By EUGENE BINGHAM
Garry Norman Sotheran rolled his red-rimmed eyes to the sky and allowed himself a luxury he has barely enjoyed for six weeks: a smile.
The former Ansett New Zealand pilot hugged Mary, his sobbing wife, and walked from the High Court at Palmerston North a free man yesterday after being cleared of seven charges relating to the crash of a commuter flight from Auckland six years ago.
He pressed his lips together as if afraid to enjoy the moment he dreaded would not come, letting his lawyer, Hugh Rennie, QC, speak on his behalf.
"He is completely overcome - as much as he would like to say things himself, he is not up to saying it," said Mr Rennie.
"It's for me to say thanks because it's a bit more than Garry can do today.
"This is the end of a very hard six years. Garry would like to express, really, his overwhelming relief the situation has been resolved ... He is able to get on with his life."
The not guilty verdicts on the four counts of manslaughter and three of injuring passengers in the crash on June 9, 1995, came after two days of jury deliberations.
One hour before the jury members came back with their verdict, Justice Warwick Gendall had called them into court to urge them to reach a unanimous decision.
Mary Sotheran burst into tears, overwhelmed by the stress of waiting.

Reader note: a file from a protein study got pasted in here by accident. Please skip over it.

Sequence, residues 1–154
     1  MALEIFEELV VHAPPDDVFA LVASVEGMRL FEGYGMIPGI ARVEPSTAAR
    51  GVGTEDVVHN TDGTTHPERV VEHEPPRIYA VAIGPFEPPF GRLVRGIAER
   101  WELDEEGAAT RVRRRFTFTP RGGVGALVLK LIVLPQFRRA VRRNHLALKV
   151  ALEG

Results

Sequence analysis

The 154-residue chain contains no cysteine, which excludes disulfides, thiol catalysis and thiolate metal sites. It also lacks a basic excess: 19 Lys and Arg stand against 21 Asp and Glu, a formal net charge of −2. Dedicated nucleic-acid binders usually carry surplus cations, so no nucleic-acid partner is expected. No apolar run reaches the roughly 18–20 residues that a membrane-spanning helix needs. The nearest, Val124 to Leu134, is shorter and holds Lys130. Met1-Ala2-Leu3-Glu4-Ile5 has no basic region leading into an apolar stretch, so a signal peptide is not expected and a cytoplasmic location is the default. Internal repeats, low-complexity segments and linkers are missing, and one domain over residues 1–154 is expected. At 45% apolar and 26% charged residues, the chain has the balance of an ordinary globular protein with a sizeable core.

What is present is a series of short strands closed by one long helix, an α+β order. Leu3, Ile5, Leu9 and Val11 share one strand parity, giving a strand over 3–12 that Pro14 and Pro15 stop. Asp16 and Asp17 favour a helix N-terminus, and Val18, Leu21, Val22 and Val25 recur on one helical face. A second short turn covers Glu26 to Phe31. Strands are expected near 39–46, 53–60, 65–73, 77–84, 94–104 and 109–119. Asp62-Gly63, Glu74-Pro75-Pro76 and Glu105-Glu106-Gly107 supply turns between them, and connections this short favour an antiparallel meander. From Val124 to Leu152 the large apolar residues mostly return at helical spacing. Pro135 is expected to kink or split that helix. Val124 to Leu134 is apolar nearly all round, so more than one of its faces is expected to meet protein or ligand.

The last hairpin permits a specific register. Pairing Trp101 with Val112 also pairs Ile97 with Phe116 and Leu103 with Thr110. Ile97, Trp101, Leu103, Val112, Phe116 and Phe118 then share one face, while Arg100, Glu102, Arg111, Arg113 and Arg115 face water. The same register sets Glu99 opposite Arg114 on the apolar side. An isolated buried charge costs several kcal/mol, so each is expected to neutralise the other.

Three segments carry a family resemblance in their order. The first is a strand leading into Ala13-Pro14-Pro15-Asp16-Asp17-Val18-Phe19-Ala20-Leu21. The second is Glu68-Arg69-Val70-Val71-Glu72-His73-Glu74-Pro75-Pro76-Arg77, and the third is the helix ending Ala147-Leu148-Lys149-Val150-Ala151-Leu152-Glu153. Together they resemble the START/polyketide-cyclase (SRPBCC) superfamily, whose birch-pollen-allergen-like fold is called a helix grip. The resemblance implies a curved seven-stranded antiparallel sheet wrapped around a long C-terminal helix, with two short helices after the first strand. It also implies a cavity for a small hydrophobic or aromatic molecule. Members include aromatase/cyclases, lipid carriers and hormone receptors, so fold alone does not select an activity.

The couple had sat through the six weeks of the trial, at which the Crown alleged the 45-year-old pilot had been criminally negligent by failing to maintain the height of the aircraft after becoming distracted by a problem with its landing gear.
Captain Sotheran told the jury that he had been let down by his instruments and that his altimeter had not shown him he was flying so low on its easterly approach to Palmerston North.
The decision to prosecute Captain Sotheran angered the Air Line Pilots' Association, which fought police efforts to obtain the cockpit voice recorder.
Association president Keith Molloy said yesterday that pilots around the world would welcome the jury's decision.
"Sanity has prevailed," he said.
"There would have been a hell of a lot of angry pilots if there had been a guilty verdict."
By EUGENE BINGHAM